1/ Your first thoughts when you entered this world don’t necessarily have to have been “I want to do medicine.” People have lots of varied and good reasons for wanting to be Doctors, and many applicants seem to believe that they will be disqualified from this unless they say that they have wanted to be a doctor since age 5. In many ways it may show that your decision was more mature and considered.
2/ Beware the epiphany – People’s reasons for doing medicine are weird and wonderful, but beware saying that you had a dream or saw a man die and therefore want to save lives. The universities may feel that this is a little impulsive and may also doubt your soundness of mind. Many people have grown up around infirmity or had a particularly difficult experience as a child and subsequently decided that they want to make a meaningful contribution, but this is completely different from the “evangelist’s approach”. Medicine is a life choice and not something to be taken lightly. See the section on work experience.
This is an area that you should not need to comment on. Your grades are self-evident, and your referee should know to discuss your academic aptitude in their part of the statement.
Your work experience –
If you are applying to medical school this year, then by now you need to have conducted some work experience!
Now I know that it is incredibly difficult to get any work experience for young people these days unless you have family connections. Hospital trust administrators are notoriously pernickety (something which will undoubtedly plague you for the rest of your career) requiring mountains of paperwork before you even get near a hospital – but persistence is the name of the game here, and if nothing else it shows that you have the motivation to overcome adversity.
You need to have done some work experience to show that you understand the realities of medicine – this is a career that is not for everyone, and you must demonstrate that you understand all of the implications that illness and infirmity can have for an individual and their families, and thus can understand the importance of your decisions and demonstrating a keen sense of empathy. Furthermore, you actually need to make sure that this is the right thing for you. 6 years is a long time studying, and 30 years practising is even longer, so make sure you like the idea of working with people from all walks of life, and that you can stomach the idea of your Saturday night spent in A&E and a lifetime of studying!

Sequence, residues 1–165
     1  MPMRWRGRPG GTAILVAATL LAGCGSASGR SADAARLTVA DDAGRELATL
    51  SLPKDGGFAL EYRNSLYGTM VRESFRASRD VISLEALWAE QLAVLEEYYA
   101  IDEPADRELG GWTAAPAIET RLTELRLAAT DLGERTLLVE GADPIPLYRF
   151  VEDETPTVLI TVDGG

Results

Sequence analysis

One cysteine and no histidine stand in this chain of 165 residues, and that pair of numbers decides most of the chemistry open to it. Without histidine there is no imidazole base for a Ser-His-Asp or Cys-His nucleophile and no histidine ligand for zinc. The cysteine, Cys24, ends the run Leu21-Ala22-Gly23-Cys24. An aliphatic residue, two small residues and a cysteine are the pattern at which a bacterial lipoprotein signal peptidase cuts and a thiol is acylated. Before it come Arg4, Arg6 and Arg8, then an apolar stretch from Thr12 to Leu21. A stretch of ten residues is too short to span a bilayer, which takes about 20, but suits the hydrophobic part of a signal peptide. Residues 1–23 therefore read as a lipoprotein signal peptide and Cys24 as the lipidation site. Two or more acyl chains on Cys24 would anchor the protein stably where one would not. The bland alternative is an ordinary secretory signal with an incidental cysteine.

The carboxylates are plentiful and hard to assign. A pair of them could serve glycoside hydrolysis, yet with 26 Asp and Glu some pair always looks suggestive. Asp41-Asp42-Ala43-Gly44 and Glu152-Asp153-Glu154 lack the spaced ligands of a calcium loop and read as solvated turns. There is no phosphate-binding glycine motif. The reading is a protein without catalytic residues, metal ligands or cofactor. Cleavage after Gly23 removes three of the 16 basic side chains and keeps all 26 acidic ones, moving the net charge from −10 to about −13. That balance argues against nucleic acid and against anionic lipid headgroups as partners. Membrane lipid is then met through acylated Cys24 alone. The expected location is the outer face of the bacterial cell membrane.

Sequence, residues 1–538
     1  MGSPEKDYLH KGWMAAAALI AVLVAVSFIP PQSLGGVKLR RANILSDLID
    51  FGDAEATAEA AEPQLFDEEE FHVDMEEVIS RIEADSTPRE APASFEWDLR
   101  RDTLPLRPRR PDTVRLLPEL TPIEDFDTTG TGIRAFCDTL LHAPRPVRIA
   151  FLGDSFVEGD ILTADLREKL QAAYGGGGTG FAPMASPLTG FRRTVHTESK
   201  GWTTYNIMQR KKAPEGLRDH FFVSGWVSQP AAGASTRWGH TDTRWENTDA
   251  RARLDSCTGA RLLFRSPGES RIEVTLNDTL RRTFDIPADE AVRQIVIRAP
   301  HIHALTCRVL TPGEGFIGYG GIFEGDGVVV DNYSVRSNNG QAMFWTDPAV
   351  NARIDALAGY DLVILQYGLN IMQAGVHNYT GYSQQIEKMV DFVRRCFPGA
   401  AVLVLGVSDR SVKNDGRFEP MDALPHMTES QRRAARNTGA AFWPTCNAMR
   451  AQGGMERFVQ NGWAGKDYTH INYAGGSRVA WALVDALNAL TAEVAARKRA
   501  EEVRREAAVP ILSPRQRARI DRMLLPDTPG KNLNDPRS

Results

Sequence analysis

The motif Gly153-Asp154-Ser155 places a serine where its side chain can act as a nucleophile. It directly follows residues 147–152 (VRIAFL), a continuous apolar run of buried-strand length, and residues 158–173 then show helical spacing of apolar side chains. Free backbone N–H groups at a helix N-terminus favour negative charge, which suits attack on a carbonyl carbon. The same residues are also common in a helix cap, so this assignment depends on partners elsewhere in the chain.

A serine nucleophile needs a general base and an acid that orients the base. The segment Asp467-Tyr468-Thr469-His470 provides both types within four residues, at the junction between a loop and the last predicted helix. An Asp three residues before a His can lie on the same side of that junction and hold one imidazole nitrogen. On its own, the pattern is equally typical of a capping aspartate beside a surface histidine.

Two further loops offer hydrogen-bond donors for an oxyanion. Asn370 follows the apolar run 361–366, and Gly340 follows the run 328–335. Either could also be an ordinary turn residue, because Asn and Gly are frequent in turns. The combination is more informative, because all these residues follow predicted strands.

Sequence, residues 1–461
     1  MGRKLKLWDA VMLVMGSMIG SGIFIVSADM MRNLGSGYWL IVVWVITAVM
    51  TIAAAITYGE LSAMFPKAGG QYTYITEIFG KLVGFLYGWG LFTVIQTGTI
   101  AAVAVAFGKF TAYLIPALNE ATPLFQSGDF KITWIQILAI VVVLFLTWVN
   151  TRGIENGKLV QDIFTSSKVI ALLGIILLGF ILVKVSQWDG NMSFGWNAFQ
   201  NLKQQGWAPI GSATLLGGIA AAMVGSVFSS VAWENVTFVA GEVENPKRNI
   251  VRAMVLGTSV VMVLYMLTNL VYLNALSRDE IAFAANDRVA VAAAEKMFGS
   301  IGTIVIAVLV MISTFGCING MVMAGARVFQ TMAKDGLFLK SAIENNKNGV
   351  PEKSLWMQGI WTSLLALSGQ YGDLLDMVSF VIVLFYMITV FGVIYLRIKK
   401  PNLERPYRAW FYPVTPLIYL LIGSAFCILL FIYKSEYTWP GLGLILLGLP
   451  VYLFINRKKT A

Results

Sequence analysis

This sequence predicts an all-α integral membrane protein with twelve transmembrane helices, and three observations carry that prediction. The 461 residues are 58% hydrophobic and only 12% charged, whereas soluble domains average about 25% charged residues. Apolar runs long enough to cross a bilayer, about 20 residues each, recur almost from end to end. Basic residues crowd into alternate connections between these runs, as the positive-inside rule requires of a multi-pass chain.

Most medical schools will like you to demonstrate what the work experience meant for you. Whether it was a liver transplant, excision of big toenail or groin swab that you have seen, what did this mean for you? What have you learnt from the experience, and how did your perceptions change from when you first entertained the prospect of studying medicine?
The T-word – sigh, the word team is an over-used, but highly important word in medical school interviews and personal statements. Do you really know what an MDT is (mutli-disciplinary team for the un-enlightened)?
I am sure this is no news to you, but no one is going to let anyone into medical school if they don’t realise the importance of the nursing staff, the physiotherapists, the occupational therapists and the rest of the hospital staff. If you are mean to nurses they will bite. FACT. It is the nurses who will save you when you do your first on-call night 6 years from now and can’t quite work out what to do with this urine specimen or that blood form. They will be your best friends, so neglect them at your peril.
EXTRA-Curricular – This is your chance to wow us all with just how awesome you are. Whether you are the world underwater chess boxing champion, serious gamer or Greco-Roman wrestler extraordinaire, be sure to mention this and what you have learnt from it.
The personal statement is an opportunity for you to display a small part of your personality and to shine. Why would you study for 13 years and then not give due care to this snapshot of your life. It doesn’t have to be the most mellifluous piece of prose, but it certainly should capture the reader’s attention. Be succinct and make sure you aren’t shy – if you aren’t prepared to let the reader know about your hidden talents or display your passion for medicine, then there is a strong chance you might not get that medical school place you deserve. Get writing early, and show it to your reference writer as soon as possible. Good luck!
Tom is an Oxbridgemedicine tutor and studied at Oxford.
This is possibly one of the areas that people give least thought to when making their Oxbridge application for medicine. Whilst most of your teaching including lectures, labs and demonstrations will take place centrally taught by the medical school and you will only have a few tutorials with your college tutors per week, the college is still the place where you will live, sleep, eat and make friends for the duration of your time there.